The reality is that this is an old rock park in the middle of a built up suburban neighborhood. It is and always has been a practice crag, I have record books from UCHC (UC Hiking Club) going back to the 50's that show it was regularly used to practice everything from hammering in pitons and placing bolts to leading and rope technique, these same people went on to put up classic FA's all over California. However, this makes the place rather historic, since many early west coast climbers (going back to the beginning of the century) cut their teeth and learned rope techniques at these oversized boulders.

IMO, Bolting this short TR to set up a sport/lead practice area is well within the spirit and history of the rock park. Of course, this should be done reasonably and in moderation.
slobmonster

Trad climber
OAK (nee NH)
Aug 12, 2012 - 03:01am PT
Seriously?

Damn.

Those bolts will be chopped, justifiably, and hopefully super duper clean. That's just lame.

Curious as to the condition of the anchor bolts on TOP of Cragmont... I replaced several of these a few years ago. Same holes as the bolts previously placed, if anyone's asking, as I would too.

T H

Boulder climber
bouldering
Aug 12, 2012 - 03:05am PT
IMO, Bolting this short TR to set up a sport/lead practice area is well within the spirit and history of the rock park.
I disagree with you. It's more like applying the modern f'ed up conglomerate of sport and gym etc to initiate the 'gen-next' noob, and lighten his wallet a little in the process.
klk

Trad climber
cali
Aug 12, 2012 - 11:56am PT
crasic is correct about cragmont's history.

cragmont is one of the places that american "dirty" climbing began.

pitons were rare in north america until the rock climbing section and the cragmont climbing club began importing and using them. that chosspile was one of the places suburban, white-collar kids learned to whale on metal.

indian rock is an easier place to find the old practice bolt holes. i've always wondered if at least one or two of those relics weren't drilled by salathe, back when expansion bolts were mostly unknown in climbing.

later, in the seventies, after the clean climbing deal took off in california (sort of), folks quit the metal work on berkeley practice crags. so it's probably been a good forty or fifty years since locals were heading off to cragmont to try out new pins. i dont know when folks bolted that other choss pile left of farewll. seventies? so traditionally speaking, cragmont was a whale on metal chosspile. then it was a clean climbing chosspile. now, at least part of it is a sport chosspile.

so far as the new bolts go, i guess i can't work up strong feelings one way or the other. i'd probably be pretty unhappy if someone did it at i-rock. if the bolts are spaced in ways that make deckers likely, then we're more likely to see unhappy events down the road, if the bfd has to respond to climber accidents.

although the last time i was at cragmont, several years ago, one of the local fire station contingents had set up a rappel off the top-- off the trees. and the team leader was coaching folks into rapping in big jumps. i had only been there maybe ninety seconds when i got to see the first sprained ankle.


crasic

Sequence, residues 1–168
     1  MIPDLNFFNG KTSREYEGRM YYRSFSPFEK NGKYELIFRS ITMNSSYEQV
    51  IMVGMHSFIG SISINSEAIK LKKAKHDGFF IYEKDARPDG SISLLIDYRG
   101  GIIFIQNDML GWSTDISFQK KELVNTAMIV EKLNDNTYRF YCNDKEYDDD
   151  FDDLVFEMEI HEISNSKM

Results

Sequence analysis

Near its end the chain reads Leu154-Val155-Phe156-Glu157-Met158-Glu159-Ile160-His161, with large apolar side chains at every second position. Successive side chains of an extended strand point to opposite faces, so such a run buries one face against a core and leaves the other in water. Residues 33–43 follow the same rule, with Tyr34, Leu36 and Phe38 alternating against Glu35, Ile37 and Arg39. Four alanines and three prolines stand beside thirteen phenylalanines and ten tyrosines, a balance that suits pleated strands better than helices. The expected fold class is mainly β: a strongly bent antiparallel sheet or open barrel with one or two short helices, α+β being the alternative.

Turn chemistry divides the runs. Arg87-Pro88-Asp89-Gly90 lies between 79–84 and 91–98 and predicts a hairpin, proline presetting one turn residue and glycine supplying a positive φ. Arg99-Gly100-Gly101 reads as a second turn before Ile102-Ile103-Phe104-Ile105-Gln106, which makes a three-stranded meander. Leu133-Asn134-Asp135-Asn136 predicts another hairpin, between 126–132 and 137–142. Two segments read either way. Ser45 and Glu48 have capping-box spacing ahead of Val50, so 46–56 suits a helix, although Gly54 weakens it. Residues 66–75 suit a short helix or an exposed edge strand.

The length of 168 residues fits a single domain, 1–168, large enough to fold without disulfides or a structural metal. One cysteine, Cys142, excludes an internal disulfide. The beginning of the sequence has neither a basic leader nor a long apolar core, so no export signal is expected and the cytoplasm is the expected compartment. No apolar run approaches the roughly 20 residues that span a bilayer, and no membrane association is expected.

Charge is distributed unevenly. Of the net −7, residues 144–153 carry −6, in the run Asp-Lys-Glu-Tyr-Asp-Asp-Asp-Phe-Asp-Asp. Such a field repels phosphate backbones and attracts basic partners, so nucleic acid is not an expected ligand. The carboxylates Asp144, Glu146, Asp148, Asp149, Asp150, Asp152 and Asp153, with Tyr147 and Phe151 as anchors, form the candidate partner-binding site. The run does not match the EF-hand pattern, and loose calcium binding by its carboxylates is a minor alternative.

climber
Aug 12, 2012 - 12:19pm PT
It's more like applying the modern f'ed up conglomerate of sport and gym etc to initiate the 'gen-next' noob, and lighten his wallet a little in the process.

Which is exactly what this tired old rock has been used for since the beginning of the last century, except the "next-gen noob" in the 50's that used it to nail his first piton in and drill bolt holed are considered old stonemasters today.


Basically if the bolting was competent, I don't think its a problem, if its put up in away that we get a groundfall from every "ye first sport fall" then its stupid.
tarek

climber
berkeley
Aug 12, 2012 - 02:00pm PT
Well, if we use history as our guide here, we should put in some aid ladders and wail on some pins. Both are still used on the big stone and elsewhere all over the world and cragmont is a practice area, as stated.

The cracks at cragmont are a fine place to learn to lead. An instructor can place gear, and students can clip it as they examine how it was placed. I never had to be taught how to clip bolts once I'd clipped gear...

I'm with others here who are concerned about silly accidents this might bring from flegling leaders. It's a choss pile, really. Crumbly rock, ledges, etc. But this is a fun place to go alone for the moderates, and it's actually a major bummer to see those toprope bolts as you climb past. I'd be more in favor of putting in some permanent anchors away from the cliff edge, as is the local tradition for top rope anchors (IR, Mortar, Remillard).

But yeah, if someone thought to bolt I-12 or 13, That's when a whole bunch of people would be out for blood.
crasic

climber
Aug 12, 2012 - 02:54pm PT
Well, if we use history as our guide here, we should put in some aid ladders and wail on some pins. Both are still used on the big stone and elsewhere all over the world and cragmont is a practice area, as stated.

And my point is that I wouldn't be surprised if someone does. I don't see a problem with a practice area evolving with the sport. If I wanted to learn to pound in pins on lead, I would do it at cragmont. Its history is that it its a fricking beater pile for practicing everything from pounding pins to setting up belays before you hit the big rocks.

As stated by others its a chosspile, its value is in that its a great "first outdoor climbing" area for bringing beginners and practice pile for the rest of us.

I mean, for christ's sake, there is a basketball court at the top of it.